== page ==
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Albert Wolsky (born November 24, 1930)[1] is an American costume designer. He has worked both on stage shows as well as for film, and has received two Academy Awards, for his work on the films All That Jazz and Bugsy.

Albert Wolsky
Born (1930-11-24) November 24, 1930 (age 88)
OccupationCostume designer
Years active1967-present
Partner(s)James Mitchell (till his death)

Early life, military service and early careerEdit

Wolsky was born in Paris, France, but during World War II, he and the rest of his family fled to the United States to escape the German occupation.[2] After graduating from the City College of New York, he served in the army from 1953–56, spending most of his enlistment in Japan.[3] Once he returned to the United States, he began working in his father's travel agency. However, he decided to change careers and took an assistant's job with notable costume maker Helene Pons.[4]


Wolsky became a well regarded costume designer, working both on Broadway and in the motion picture industry.[5]

The first film Wolsky worked on was The Heart Is a Lonely Hunter.[6] He worked on many films including Harry and Tonto, The Turning Point, Grease and Manhattan. He worked with Bob Fosse, a leading Broadway director, on All That Jazz and won his first Academy Award. He won his second Academy Award for Bugsy in 1991 and has been nominated five other times, most recently for his work on Julie Taymor's Beatles-inspired musical Across the Universe (2007) and Sam Mendes's Revolutionary Road (2008).[7][8]

He began his career as costume designer for the theatre by assisting costume designer Ann Roth on A Case of Libel (1963); he later assisted Roth on The Odd Couple (1965), Patricia Zipprodt on Fiddler on the Roof (1964), and Theoni Aldredge on Illya Darling (1967).[8][9] His first work as lead costumer was Generation (1965). He went on to serve as principal costume designer for both plays and musicals, including The Sunshine Boys (1972) and Sly Fox (1976). Wolsky has been announced as the designer for the 2012 Broadway production of The Heiress.[10]

In 2010, Wolsky donated his costume design sketches to the Margaret Herrick Library at the Academy of Motion Picture Arts and Sciences.[11]

Honors and awardsEdit


Wolsky is a member of the Board of Governors of the Academy of Motion Picture Arts and Sciences.[14]

Personal lifeEdit

His longtime partner was actor James Mitchell.[15][16]


  • Chaneles, Sol & Wolsky, Albert (1974) The Movie Makers: the lives and films of more than 2,500 stars, supporting actors, and directors who have made motion picture history. Secaucus, NJ: Derbibooks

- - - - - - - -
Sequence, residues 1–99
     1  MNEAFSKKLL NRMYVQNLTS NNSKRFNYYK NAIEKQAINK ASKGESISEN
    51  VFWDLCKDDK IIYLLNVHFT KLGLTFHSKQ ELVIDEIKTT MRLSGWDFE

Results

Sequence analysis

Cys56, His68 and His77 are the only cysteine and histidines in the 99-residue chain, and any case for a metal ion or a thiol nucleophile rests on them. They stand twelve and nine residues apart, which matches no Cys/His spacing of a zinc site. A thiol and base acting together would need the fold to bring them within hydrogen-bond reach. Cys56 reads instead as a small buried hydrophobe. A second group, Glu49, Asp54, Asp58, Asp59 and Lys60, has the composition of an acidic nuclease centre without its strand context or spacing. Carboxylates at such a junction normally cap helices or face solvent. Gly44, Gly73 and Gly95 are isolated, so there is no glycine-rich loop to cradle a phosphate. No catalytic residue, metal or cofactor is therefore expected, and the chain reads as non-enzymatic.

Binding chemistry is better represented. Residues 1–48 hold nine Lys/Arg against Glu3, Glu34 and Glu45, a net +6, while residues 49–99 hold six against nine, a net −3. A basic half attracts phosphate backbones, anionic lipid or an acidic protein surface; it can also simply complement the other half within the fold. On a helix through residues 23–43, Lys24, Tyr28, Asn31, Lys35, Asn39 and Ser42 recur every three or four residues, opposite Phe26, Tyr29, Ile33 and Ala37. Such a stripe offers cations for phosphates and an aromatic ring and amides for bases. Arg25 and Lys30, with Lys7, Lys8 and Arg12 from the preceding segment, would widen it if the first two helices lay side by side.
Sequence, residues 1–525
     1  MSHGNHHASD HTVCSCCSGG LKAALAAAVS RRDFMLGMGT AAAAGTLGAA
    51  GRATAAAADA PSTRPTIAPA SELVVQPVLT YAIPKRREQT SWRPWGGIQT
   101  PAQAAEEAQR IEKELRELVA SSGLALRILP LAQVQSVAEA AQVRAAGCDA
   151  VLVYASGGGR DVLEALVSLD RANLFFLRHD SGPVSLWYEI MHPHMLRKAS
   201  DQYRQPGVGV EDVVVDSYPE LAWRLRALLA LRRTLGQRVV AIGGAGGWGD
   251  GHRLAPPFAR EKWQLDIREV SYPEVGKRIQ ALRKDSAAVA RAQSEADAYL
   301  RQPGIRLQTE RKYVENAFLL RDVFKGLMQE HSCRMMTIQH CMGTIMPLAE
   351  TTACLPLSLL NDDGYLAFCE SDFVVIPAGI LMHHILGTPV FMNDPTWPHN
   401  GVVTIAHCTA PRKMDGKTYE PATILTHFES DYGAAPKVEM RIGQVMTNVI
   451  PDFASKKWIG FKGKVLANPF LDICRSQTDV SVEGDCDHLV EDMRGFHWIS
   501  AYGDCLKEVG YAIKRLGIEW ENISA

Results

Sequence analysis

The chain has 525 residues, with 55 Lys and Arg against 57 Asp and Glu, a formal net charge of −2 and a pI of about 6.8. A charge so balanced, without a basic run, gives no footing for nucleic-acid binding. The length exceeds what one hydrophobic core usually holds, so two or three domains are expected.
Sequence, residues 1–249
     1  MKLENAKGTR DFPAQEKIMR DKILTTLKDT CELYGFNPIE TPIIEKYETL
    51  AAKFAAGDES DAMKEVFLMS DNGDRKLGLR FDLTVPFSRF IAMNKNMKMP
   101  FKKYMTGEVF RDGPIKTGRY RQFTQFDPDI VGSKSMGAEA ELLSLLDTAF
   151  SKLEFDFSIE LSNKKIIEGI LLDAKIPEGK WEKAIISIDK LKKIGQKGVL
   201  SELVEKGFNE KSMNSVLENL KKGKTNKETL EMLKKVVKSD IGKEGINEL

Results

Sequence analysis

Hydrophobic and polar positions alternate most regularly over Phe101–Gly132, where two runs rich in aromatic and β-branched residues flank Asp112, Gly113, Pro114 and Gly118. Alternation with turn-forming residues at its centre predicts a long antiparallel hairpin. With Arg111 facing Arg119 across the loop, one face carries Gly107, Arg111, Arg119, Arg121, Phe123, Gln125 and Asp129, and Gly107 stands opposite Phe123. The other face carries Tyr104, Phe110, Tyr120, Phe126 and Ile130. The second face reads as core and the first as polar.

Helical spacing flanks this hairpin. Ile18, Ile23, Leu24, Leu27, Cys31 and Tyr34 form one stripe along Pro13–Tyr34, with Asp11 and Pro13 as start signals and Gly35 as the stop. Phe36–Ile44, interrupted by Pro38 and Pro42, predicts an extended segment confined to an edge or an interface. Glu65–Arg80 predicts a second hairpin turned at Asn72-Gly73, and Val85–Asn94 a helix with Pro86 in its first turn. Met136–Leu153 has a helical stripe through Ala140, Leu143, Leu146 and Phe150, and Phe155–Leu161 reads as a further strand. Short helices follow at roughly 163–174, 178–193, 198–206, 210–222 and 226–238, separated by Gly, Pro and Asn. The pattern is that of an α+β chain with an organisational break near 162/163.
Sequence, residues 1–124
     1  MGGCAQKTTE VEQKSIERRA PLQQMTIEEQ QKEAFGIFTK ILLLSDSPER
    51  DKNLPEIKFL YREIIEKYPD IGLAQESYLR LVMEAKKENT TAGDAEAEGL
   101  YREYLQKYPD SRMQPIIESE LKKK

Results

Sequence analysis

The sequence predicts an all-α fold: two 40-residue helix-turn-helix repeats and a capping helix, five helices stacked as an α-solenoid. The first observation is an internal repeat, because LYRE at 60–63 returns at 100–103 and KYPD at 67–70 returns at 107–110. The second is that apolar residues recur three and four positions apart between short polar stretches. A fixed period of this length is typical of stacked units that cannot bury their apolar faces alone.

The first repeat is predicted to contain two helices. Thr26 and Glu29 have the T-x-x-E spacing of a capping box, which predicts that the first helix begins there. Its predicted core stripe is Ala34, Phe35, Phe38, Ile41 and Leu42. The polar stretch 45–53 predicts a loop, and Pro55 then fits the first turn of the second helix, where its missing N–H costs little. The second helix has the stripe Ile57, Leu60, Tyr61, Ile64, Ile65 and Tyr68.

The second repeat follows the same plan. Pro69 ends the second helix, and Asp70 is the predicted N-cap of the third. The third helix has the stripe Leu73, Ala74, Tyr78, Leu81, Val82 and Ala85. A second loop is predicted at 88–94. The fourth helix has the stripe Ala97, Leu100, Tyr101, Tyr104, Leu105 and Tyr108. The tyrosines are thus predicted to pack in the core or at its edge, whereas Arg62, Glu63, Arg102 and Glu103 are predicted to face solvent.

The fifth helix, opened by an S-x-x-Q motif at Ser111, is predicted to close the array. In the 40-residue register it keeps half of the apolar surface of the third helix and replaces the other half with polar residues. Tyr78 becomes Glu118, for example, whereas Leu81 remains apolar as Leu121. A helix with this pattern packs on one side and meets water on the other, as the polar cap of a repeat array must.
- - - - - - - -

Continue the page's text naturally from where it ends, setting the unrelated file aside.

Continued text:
1. ^ Biography
  2. ^ "Albert Wolsky: Man with the 'Fire' Archived 2012-03-09 at the Wayback Machine, retrieved 28 August 2010.
  3. ^ Boris Wolsky, My Life in Three Worlds (Miami Beach, FL: Wolsky, 1979), 133-34.
  4. ^ Deborah Nadoolman Landis, "Albert Wolsky," Costume Design (Burlington, MA: Focal Press, 2003), 163.
  5. ^ "Wolsky Biography"[permanent dead link]Variety, retrieved March 10, 2010
  6. ^ "Albert Wolsky costume design drawings, 1977-2007". Margaret Herrick Library. Academy of Motion Picture Arts and Sciences. Retrieved 2 June 2015.
  7. ^ Snead, Elizabeth."Albert Wolsky's 'Revolutionary' style"The Los Angeles Times, The Envelope, February 18, 2009
  8. ^ a b BWW News Desk.TDF/Irene "Sharaff Awards Honor Lee & Wolsky, 4/23" March 9, 2010
  9. ^ Wolsky listing, retrieved March 10, 2010
  10. ^ "The Heiress to Play Broadway's Walter Kerr Theatre; Judith Ivey Joins Cast",, July 9, 2012.
  11. ^ "Academy Library Celebrates New Collections", May 19, 2010.
  12. ^ Awards for Costume and Set Designers
  13. ^ Probst, Andy.Ming Cho Lee, Albert Wolsky, et al. to Receive Irene Sharaff Awards", March 9, 2010
  14. ^ [1]
  15. ^ Editors (2010-01-23). "All My Children Star James Mitchell Dead at 89". Advocate. Archived from the original on 2010-01-25. Retrieved 2013-12-04.CS1 maint: extra text: authors list (link)
  16. ^ "James Mitchell obituary | Soap opera | The Guardian". Retrieved 2019-09-25.

Further readingEdit

  • "Wolsky, Albert." Contemporary Theater, Film, and Television. Vol. 36. Ed. Thomas Riggs. Farmington Hills, MI: Gale Group, 2001. 379-80.

External linksEdit